(6) but Uber’s problems don’t end there. It appears that the structure Uber uses in London is replicated across the EU. VAT should operate identically across the EU. And so, if the same structure is used, the VAT treatment of Uber’s services for every other City in the EU should be identical to that in London. Different member states have different rates of VAT – and different rules for claiming unpaid VAT. But that £20m per annum for London just got an awful lot bigger;

(7) nor are Uber’s problems merely historical. They don’t end with it coughing up to HMRC any unpaid VAT which is due. Going forward, absent material change in its operating model, Uber’s revenues in the UK net of VAT will fall by 16.67%. And by equivalent percentages across the rest of the United Kingdom and EU;

(8) there is a basic difficulty in changing Uber’s operating model to avoid this consequence. The Uber commercial proposition is based on Uber’s brand value to actual and would be consumers. But there is a tension between the notion (a) that the brand name ‘Uber’ will encourage customers to book rides and (b) that the service provided by Uber is not provided to customers and is not the provision of rides. Indeed, it is this tension that gives Uber both a commercial advantage over its competitors but also a fiscal difficulty;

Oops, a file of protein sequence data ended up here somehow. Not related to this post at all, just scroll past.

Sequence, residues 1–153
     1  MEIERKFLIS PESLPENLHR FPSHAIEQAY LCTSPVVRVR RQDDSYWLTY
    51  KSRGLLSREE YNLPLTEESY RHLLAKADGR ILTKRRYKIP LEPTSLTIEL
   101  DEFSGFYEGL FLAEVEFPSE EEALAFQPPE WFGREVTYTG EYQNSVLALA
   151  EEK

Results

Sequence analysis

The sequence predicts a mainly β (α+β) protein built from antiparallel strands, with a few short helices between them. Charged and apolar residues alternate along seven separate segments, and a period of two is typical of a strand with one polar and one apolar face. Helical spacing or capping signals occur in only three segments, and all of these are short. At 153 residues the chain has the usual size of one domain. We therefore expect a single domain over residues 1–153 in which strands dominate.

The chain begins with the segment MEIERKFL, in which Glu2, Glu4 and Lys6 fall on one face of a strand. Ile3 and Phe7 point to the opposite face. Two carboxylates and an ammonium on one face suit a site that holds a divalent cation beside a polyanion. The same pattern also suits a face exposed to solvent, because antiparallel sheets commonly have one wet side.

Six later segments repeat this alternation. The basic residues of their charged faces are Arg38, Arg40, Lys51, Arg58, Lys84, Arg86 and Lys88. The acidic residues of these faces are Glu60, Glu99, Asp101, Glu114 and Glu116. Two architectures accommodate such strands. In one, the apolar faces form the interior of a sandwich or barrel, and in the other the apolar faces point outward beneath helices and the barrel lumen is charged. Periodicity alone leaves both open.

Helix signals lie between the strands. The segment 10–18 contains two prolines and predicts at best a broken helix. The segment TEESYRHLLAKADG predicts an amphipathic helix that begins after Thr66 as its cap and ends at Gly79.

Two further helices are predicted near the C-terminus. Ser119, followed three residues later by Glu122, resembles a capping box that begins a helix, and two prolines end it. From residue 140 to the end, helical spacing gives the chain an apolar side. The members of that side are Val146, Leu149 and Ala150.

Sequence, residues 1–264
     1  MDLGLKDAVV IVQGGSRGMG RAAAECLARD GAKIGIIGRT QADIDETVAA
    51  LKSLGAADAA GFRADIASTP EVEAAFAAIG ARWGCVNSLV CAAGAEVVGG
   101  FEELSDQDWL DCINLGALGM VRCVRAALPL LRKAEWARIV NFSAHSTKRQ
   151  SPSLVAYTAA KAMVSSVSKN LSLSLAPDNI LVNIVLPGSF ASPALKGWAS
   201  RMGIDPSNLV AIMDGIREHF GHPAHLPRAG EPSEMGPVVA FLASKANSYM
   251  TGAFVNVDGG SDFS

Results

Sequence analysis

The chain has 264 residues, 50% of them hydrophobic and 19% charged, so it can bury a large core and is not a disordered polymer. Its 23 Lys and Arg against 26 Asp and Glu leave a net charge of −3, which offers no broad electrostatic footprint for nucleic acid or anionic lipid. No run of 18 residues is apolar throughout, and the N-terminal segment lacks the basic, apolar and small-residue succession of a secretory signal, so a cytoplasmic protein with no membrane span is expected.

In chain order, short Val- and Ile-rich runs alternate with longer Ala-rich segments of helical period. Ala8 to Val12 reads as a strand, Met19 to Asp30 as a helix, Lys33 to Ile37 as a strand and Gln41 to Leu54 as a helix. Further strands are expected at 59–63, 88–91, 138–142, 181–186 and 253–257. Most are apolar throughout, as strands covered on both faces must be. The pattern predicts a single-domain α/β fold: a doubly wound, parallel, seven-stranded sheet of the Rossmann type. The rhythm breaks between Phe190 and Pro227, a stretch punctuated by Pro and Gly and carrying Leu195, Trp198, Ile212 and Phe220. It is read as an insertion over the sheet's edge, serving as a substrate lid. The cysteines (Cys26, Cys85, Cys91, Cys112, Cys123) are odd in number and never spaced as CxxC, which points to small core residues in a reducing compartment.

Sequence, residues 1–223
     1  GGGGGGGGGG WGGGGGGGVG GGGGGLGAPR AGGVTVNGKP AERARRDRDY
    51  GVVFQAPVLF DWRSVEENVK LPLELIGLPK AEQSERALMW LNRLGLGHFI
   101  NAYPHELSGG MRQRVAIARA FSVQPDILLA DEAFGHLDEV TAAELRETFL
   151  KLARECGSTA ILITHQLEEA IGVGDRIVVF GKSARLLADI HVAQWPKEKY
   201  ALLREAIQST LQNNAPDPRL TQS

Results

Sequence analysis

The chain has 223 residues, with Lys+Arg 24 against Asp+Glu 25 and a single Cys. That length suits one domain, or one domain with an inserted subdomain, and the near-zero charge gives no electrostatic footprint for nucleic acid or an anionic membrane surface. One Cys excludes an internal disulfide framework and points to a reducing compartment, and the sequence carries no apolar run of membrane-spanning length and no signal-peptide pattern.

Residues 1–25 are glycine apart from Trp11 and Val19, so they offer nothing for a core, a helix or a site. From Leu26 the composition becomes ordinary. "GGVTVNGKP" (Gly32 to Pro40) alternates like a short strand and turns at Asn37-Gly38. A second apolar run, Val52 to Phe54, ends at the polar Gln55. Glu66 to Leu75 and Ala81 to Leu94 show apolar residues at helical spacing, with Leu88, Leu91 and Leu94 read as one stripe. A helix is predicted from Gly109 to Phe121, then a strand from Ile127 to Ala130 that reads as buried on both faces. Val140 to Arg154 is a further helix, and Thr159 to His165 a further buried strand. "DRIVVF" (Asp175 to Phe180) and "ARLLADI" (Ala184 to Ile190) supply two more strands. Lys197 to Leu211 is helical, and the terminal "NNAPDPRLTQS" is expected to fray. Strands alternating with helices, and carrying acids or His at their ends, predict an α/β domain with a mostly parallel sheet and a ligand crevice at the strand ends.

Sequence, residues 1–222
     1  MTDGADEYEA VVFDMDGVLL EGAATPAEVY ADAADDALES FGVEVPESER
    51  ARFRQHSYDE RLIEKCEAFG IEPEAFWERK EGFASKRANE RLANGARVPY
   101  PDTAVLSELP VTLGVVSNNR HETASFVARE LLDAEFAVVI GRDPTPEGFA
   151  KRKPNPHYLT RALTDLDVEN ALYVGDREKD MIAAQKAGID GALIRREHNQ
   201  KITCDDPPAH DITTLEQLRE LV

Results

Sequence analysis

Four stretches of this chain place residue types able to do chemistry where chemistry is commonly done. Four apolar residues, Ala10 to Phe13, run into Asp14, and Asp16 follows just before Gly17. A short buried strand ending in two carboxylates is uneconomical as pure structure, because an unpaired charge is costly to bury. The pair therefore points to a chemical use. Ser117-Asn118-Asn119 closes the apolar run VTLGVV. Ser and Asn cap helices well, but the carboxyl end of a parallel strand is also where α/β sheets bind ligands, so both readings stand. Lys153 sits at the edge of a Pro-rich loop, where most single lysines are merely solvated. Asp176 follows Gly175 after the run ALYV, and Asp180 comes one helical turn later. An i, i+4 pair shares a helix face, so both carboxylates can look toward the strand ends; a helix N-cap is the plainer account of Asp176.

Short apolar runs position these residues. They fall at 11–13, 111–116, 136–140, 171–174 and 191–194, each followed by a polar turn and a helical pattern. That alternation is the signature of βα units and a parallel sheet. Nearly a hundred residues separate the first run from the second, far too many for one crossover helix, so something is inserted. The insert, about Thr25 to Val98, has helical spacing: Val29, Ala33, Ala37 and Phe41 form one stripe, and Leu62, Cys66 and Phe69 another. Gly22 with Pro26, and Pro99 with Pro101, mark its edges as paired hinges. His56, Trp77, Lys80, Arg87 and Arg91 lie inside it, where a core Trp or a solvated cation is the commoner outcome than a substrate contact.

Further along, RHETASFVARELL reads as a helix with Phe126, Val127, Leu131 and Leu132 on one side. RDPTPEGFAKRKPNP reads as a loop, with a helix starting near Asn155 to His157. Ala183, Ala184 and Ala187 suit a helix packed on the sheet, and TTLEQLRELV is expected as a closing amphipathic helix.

(9) we should watch with care what actions, if any, HMRC take. I should have absolute confidence that HMRC will properly investigate the potential NIC and VAT liabilities of the Uber structure. I don’t.

A few concluding observations.

The Uber Employment Tribunal decision is being appealed – and it could be overturned. However, I have spoken to a number of specialist Employment QCs and few expect it to succeed. Uber has declined to comment on its VAT position pending its appeal.

It is possible that Uber could change its structure to avoid a VAT liability going forward – but any resolution will have to overcome the basic tension I identified at (9) above. It is also possible that my analysis is simply wrong.

There are a number of pieces of litigation currently before the Court of Justice of the European Union – including this one – which may affect the analysis set out above.

Why Dublin is Right

You can read, here, why I believe it is the right thing for both the UK and Ireland that there be legal certainty on whether Article 50, once triggered, can be reversed. I will not repeat my reasoning but I do invite you to re-read that piece.

The greatest possible compliment has been paid to that argument by those who would leave whatever the cost to our nation: they have refused to engage with it. Instead they have attacked me. Occasional distraction though they are, I do not mind the personal attacks. They reveal more about my opponents’ paucity of thinking on the substance of my argument than they do about me. Everything I have put in the public domain about myself (and my tax practice) is true.

Alongside these personal attacks, there has been some considered focus on whether this is the right step to take or at this time. Including, in private, from Guy Verhofstadt. Let me explain why, as much as I can in this forum, it is.